Verb(1) lose vigor, health, or flesh, as through grief(2) have a desire for something or someone who is not present(3) become feeble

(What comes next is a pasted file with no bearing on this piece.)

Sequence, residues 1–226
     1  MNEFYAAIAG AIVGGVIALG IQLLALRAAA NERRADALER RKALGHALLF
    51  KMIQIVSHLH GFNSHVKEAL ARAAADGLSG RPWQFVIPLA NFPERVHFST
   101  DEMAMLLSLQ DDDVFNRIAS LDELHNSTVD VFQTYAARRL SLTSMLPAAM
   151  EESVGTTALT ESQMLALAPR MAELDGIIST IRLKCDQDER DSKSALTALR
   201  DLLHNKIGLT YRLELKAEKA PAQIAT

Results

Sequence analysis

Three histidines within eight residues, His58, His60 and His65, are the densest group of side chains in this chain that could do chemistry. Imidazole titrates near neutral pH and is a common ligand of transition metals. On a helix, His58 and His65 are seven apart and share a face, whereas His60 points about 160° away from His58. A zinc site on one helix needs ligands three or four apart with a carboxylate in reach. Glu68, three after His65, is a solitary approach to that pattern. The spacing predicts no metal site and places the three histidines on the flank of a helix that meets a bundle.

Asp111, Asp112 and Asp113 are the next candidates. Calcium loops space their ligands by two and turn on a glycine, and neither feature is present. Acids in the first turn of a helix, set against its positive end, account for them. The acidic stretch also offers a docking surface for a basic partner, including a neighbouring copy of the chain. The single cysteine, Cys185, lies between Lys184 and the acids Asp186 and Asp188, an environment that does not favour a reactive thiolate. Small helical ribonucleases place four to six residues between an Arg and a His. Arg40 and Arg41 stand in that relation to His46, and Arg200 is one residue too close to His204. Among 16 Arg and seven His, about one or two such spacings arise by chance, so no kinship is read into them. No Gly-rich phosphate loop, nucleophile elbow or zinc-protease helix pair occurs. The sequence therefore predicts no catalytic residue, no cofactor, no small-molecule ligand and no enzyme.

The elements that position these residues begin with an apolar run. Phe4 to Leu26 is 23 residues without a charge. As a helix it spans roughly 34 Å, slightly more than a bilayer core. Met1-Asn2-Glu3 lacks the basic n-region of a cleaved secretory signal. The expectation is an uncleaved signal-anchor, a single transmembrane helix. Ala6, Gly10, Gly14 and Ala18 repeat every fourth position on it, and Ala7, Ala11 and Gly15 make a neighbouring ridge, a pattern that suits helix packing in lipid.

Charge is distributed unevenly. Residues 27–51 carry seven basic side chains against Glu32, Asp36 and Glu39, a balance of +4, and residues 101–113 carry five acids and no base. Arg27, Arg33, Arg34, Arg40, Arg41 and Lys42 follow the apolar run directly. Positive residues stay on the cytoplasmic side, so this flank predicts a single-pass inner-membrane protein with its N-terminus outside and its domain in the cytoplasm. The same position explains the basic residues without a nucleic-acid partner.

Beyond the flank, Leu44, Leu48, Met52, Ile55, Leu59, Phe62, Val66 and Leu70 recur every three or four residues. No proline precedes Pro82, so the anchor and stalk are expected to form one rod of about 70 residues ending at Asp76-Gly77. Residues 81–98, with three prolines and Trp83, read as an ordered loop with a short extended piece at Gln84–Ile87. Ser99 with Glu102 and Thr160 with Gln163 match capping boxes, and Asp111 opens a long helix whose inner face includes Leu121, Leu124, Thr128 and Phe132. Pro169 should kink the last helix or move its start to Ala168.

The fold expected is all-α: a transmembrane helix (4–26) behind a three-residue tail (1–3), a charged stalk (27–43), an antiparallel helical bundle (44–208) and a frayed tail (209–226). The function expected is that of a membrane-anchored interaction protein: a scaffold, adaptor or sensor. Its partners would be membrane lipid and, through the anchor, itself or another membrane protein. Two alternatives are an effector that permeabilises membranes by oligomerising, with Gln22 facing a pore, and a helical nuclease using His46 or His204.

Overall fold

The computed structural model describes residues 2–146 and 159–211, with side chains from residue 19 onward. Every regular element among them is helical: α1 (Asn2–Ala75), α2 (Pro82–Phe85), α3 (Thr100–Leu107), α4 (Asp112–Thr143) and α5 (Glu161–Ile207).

(1) If your pet dog would truly languish in the wild, as a stray, you might be able to meet the comparable-life condition without meeting, say, his needs for adequate stimulation, exercise, and contact with other dogs.(2) Some of this cruelty still disturbs me, but at least it's honest: and much less hypocritical than the cruelty of the British food industry where consumers buy their meat safe and sanitised while the animals languish in battery pens.(3) We watch key centres - such as Sydney - grow almost in spite of themselves while other cities languish in a global world which doesn't much care what the place used to be, only what it can become.(4) Conversely plants that languish in the too hot summer can survive happily in a shadier place with more humidity and slightly damper soil.(5) Because field crops, like potted plants, languish when they're over-watered, proper drainage is an important aspect of successful farming.(6) Dozens of former FNL child soldiers associated with the National Liberation Forces (Forces Nationales pour la LibÔö£┬«ration, or FNL) languish in government custody - in prisons, jails, and a newly opened welcome center for former FNL combatants - without any clarity of their legal status or knowledge of when they might be returned to their families.(7) Hundreds of thousands of animals languish in zoos around the world.(8) The cold, hard facts are that the Bulls now languish mid table after dropping both of their Easter weekend matches against the competition's top two clubs.(9) Once again - many of those plants may simply languish in your garden's growing conditions.(10) We fade, lose heart, become torpid, languish , then the sap rises again, and we are passionate.(11) Plants that need moist soil will languish in sandy, dry soil, for example.(12) There is a paragraph in the appellant's submissions that refers to the unacceptability of simply allowing a person to languish in detention.(13) Despite gaining a bonus point, South Africa's Bulls hopes of reaching the semifinals appear dashed as they languish mid-table on 23 points.(14) The mistletoe is dependent on the apple and a few other trees, but can only in a far-fetched sense be said to struggle with these trees, for if too many of these parasites grow on the same tree, it will languish and die.(15) Get it right and no one notices; get it wrong and plants languish and die in boggy beds, huge puddles kill lawn, and in the worst case scenario you awake to the slap and gurgle of water in the basement.(16) Schools in such deprived areas as Drumchapel languish near the bottom reaches of the system, if you rely purely on the percentages of pupils passing Higher and Standard Grade exams.